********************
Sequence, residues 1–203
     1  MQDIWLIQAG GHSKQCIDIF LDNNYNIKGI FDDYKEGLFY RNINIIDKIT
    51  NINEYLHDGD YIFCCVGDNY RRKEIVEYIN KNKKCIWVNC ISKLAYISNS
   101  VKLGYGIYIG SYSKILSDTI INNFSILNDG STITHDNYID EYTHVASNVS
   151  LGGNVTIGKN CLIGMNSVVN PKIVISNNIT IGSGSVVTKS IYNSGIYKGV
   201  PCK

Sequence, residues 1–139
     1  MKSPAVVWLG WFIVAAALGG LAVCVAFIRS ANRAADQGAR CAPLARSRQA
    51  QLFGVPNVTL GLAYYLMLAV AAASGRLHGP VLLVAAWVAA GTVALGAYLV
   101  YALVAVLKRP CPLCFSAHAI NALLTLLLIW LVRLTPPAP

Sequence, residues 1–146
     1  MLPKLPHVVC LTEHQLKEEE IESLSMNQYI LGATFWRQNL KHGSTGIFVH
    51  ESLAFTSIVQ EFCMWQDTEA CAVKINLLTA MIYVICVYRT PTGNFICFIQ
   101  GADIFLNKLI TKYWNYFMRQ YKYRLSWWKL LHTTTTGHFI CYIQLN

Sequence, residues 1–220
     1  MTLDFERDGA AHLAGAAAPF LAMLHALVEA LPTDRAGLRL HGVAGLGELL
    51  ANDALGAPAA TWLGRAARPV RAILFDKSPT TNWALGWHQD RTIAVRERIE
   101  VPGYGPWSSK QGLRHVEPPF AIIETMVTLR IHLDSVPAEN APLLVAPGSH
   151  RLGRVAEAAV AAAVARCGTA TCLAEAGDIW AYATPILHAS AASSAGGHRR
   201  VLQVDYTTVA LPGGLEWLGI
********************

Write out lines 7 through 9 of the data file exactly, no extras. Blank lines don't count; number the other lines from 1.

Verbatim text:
Sequence, residues 1–139
     1  MKSPAVVWLG WFIVAAALGG LAVCVAFIRS ANRAADQGAR CAPLARSRQA
    51  QLFGVPNVTL GLAYYLMLAV AAASGRLHGP VLLVAAWVAA GTVALGAYLV